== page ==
Overcoming Smartphone Challenges
One of the many things I like about Producteev is how easy it is to assign all of the relevant meta-information to a task as you are creating it. While my fingers are still on the keyboard, I can set priority, due date, workspace, and tags, so as soon as I press enter, the task is formatted exactly how it needs to be, no further processing required.
I’ve found, however, that adding that extra information is more than a little cumbersome on a soft keyboard smartphone, simply because the symbols take extra effort to access. When I’m on my phone I’m usually in the middle of doing something else and don’t have the time to carefully format a task. I deal with this by having Astrid set to put all new tasks into the brain dump workspace. If I think of something while mobile, I enter it as quickly as possible, saving the categorization and cleanup for when I have time at a full-size computer, such as at the beginning or end of the day.
Other Integrations & Experiments
I’ve been playing around a bit with integrating Evernote with Producteev. If I take meeting notes in Evernote, I can not only search through them later, I can also email the entire note to Producteev as a task, with all the surrounding information attached. Be aware that if the note has a lot of images and other content (such as a clipped web page), it can generate a good deal of garbage notes as well.
For processing email-based tasks, I generally either still forward the email to Producteev with the appropriate syntax in the subject line or switch to the app and enter the task myself.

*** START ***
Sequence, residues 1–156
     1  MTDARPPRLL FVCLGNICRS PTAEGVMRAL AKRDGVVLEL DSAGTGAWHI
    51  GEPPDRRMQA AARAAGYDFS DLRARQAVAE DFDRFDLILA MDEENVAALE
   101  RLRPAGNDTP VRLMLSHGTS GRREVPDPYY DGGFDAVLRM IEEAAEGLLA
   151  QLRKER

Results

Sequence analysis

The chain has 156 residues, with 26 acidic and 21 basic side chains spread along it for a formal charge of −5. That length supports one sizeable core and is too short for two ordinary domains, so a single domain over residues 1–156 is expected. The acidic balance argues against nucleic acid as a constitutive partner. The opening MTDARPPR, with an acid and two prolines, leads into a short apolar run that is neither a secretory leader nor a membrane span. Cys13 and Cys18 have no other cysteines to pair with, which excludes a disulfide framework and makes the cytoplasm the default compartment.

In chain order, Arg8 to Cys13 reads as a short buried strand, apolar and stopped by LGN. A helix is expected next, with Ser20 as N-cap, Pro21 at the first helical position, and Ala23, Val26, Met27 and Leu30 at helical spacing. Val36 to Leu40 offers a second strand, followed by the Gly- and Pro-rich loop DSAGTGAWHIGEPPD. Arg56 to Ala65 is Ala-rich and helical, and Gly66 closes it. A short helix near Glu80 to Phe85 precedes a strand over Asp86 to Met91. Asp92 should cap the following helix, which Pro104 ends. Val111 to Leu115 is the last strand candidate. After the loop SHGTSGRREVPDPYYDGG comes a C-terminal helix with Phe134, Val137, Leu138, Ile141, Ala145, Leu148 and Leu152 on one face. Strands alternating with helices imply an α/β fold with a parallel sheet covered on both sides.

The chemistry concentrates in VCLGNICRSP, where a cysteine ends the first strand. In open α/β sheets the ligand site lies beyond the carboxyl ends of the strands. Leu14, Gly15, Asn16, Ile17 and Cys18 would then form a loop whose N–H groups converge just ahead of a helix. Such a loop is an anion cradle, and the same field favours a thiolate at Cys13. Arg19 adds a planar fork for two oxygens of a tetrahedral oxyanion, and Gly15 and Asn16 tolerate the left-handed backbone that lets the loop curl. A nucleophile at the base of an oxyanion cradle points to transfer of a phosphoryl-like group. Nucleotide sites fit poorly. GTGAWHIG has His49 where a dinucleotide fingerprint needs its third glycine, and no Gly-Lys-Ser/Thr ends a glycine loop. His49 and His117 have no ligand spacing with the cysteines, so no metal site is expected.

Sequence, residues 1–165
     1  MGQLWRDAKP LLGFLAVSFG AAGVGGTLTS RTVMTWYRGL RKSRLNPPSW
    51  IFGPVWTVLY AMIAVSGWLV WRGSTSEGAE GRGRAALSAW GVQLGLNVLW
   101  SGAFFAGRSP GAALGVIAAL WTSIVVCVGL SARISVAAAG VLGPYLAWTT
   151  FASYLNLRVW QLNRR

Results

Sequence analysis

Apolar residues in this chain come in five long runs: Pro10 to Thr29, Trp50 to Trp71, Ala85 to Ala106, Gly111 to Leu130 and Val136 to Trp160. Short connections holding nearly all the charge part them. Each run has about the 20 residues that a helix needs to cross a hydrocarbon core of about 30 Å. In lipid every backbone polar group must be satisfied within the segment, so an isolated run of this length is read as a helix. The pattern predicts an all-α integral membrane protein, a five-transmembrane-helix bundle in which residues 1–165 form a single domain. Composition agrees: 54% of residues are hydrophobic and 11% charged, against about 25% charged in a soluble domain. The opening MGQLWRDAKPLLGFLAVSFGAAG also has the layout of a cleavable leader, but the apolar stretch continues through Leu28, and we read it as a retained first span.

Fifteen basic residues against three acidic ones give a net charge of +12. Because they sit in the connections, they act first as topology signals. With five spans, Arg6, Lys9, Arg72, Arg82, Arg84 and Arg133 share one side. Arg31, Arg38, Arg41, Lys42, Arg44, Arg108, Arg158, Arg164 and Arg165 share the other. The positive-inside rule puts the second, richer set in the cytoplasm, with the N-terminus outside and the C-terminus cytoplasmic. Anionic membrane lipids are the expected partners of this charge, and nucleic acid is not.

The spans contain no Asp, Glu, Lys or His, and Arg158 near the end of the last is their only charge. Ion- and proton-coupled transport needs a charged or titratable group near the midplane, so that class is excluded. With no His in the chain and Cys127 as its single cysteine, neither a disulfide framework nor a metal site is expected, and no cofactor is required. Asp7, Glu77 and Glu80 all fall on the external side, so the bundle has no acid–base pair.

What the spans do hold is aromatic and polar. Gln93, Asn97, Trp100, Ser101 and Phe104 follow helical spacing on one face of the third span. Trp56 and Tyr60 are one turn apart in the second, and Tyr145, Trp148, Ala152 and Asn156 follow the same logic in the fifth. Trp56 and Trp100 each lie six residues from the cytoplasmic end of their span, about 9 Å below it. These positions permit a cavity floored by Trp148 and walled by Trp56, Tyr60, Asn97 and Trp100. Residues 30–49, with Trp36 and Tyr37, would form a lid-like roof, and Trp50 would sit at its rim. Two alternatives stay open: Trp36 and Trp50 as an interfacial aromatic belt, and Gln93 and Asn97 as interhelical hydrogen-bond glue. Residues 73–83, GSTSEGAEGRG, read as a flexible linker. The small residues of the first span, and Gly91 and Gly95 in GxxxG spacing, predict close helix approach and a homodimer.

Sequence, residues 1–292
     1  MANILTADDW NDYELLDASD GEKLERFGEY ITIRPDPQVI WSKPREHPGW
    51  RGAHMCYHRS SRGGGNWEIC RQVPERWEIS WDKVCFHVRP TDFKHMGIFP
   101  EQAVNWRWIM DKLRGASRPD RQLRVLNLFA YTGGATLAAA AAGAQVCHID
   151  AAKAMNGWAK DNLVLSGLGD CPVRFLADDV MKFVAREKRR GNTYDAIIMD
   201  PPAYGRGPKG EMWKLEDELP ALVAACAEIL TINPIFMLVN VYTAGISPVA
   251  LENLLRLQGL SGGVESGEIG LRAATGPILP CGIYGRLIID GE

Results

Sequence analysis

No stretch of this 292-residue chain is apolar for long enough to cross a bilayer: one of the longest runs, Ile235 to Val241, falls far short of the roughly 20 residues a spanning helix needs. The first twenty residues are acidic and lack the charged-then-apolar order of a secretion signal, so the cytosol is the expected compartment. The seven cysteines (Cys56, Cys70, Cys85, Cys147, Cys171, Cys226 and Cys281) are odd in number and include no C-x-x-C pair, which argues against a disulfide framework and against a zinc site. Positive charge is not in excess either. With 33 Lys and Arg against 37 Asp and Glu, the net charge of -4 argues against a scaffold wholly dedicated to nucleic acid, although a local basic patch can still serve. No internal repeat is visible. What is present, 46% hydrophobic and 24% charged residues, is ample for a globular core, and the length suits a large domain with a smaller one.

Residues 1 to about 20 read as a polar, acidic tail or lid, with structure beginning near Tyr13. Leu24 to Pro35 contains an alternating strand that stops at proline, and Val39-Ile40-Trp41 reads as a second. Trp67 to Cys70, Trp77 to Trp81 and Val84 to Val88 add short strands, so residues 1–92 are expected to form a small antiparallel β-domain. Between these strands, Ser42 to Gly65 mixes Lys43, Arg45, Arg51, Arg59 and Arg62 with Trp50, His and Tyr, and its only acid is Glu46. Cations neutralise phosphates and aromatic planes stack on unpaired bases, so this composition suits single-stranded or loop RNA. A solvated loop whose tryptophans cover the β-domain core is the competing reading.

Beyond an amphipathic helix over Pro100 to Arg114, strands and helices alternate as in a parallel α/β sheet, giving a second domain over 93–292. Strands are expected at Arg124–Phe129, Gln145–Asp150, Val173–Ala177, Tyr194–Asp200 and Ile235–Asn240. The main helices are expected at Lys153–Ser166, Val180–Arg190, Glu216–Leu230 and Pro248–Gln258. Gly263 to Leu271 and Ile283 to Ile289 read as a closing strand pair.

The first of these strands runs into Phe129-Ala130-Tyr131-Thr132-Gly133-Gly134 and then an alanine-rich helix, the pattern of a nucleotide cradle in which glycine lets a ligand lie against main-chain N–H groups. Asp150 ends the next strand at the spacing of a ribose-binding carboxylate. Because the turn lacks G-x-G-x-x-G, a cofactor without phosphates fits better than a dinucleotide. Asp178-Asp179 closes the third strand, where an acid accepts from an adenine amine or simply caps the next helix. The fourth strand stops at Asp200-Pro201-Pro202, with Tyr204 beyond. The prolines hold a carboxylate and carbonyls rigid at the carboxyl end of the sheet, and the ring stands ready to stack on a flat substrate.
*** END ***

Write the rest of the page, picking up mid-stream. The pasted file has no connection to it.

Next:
I’m hoping in the future to make more use of the shared workspaces, both at home between myself and my wife and between the members of my lab. I see this as being helpful for identifying tasks that require cooperation to complete and for sending others to-do items that they can prioritize as they see fit.
I’m not a strict follower of Getting Things Done (GTD), but I am enamored with the idea of organizing and breaking down tasks into items with clear contexts and end points. Heavily inspired by this article, I set up a number of different context-related workspaces. Each one contains tasks that I must complete or remember in that specific context: Home, Lab, School, Errands, Computer, and Communication. I also have a workspace for projects, and a brain dump. Keep in mind that each new workspace will need to be separately configured to integrate with Google Calendar and other services.
With this many workspaces, the overview pane becomes quite valuable - I can quickly get an idea of what has be accomplished over the next few days regardless of context. I can also switch to a specific workspace to keep other types of tasks from looming and overwhelming me. I’ve found that this has helped me focus a great deal - I can concentrate on lab tasks while at lab, even as I think of and add things I’ll need to do later at home.
I’ve found that having a separate workspace for projects and other “some day” items is helpful. This is where tags come in especially handy: A project often has a number of steps, which I try to break down into individual tasks. Tagging all of these with a project helps keep them together, and priorities can be used to assign them a kind of hierarchy so it’s obvious which one has to be tackled first.
At this point I’ve been actively using Producteev for about nine months and it’s been extremely useful for helping me organize and remember everything I need to accomplish. It’s always a struggle to not get overwhelmed and to take decisive action to complete a task, but anything that helps lower the activation energy required is a boon - and Producteev makes for a wonderful catalyst.